What are the 3 most common mistakes parents make when visiting the pediatrician?


Buzz up!

Expert: Dr. Anatoly Belilovsky, director of 365-day medical center, Belilovsky Pediatrics, in New York. His blog is www.belilovskypediatrics.com.

1. Choosing a doctor that’s the wrong fit.

“Every pediatrician is not going to fit with every parent personality. So often I hear, ‘Oh my friends said you’re great!’ and it turns out that that while that doctor may have worked for your friend, they’re the wrong fit for you. For instance, if you’re a parent that’s deathly afraid when your child gets a fever, which is a common complaint, you’ll want a pediatrician that displays a bit more empathy toward fevers, as opposed to a doctor that quickly assures you it’s nothing serious. Also, some parents require longer dialogues and explanations than others; find a doctor that complements that. References are a great way to find a trusted pediatrician but ask your friends in-depth questions before you visit: What’s so great about this doctor? Can you describe specific episodes? Why would you choose them for your son or daughter? And of course, don’t feel obligated to stick with a doctor just because a friend referred you. They might be great at what they do, but not a perfect match.”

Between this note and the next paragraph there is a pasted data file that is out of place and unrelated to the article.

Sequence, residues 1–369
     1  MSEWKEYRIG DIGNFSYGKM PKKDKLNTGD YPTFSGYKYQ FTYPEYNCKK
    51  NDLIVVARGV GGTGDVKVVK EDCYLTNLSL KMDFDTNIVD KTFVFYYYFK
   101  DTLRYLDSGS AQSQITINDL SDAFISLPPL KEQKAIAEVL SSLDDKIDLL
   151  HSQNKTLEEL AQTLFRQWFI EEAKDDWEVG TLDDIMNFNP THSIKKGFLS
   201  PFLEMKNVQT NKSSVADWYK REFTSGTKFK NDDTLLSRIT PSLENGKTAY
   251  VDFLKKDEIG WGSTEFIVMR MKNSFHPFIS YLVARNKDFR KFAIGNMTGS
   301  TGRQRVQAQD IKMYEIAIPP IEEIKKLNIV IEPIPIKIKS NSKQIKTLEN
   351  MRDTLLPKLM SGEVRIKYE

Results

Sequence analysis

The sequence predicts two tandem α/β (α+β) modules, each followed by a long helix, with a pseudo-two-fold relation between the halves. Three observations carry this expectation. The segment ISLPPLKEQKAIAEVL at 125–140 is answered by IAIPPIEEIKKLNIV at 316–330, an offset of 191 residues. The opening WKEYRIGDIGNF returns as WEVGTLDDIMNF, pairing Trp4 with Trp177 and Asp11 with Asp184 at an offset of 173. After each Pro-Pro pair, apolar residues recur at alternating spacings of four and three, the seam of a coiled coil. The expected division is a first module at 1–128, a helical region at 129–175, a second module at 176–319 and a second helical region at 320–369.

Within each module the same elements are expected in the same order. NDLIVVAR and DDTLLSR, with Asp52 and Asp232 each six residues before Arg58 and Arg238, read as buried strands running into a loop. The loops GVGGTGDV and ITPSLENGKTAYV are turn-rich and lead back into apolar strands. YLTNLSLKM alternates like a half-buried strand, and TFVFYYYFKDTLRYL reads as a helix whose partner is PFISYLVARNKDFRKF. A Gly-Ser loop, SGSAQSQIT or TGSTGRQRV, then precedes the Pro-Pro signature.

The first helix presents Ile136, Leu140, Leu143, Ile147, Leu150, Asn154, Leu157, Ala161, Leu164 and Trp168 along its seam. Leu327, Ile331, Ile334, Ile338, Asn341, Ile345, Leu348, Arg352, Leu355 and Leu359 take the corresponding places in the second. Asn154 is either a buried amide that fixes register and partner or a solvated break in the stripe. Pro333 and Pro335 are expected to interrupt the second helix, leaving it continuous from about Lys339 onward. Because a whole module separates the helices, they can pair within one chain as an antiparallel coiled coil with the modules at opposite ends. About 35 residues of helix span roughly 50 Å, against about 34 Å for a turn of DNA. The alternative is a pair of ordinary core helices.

2. Always wanting a prescription.

“Too often, parents bring their children to their doctor, expecting to leave with a prescription. And when they don’t, they consider it a waste of time. We have a model we follow: treat, counsel, educate. This means some cases require treatment, some only require education. Example: baby acne and bug bites. First-time parents often over-react to these problems, and expect a prescription, when pediatricians can really only offer advice. Of course, if you feel like a doctor is dismissing your child’s case, seek a second opinion. But realize not all problems require the same solution. Another tip: If you don’t understand your doctor’s verbal explanation, ask him to use an analogy or diagram. I once treated a child whose father didn’t understand hip dysplasia. I found out he was a marine engineer, so I made him a diagram, and all of a sudden, he understood!”

3. Delegating visits.

“This is a minor mistake compared to the first two, but still important. And this is sending your child to their pediatrician with someone who doesn’t know the whole story, for instance grandparents or nannies. Often, these people don’t know your child’s entire medical history or the details of the problem at hand, which makes our job more difficult. Later, we’ll get calls from parents who couldn’t be there in person, and it turns out there’s a whole different story we weren’t aware of. Or, we’ll try to reach parents, only to get a call the next day wanting to know what’s going on. It’s much easier for both parties to address issues in person and for parents to get the straight story from the horse’s mouth. Obviously, sometimes parents have to work or travel but, for instance, my practice is open seven days a week/365 days a year. If you’re really invested, you’ll find a time to bring your child that works with your schedule.”  

— As told to Andrea Zimmerman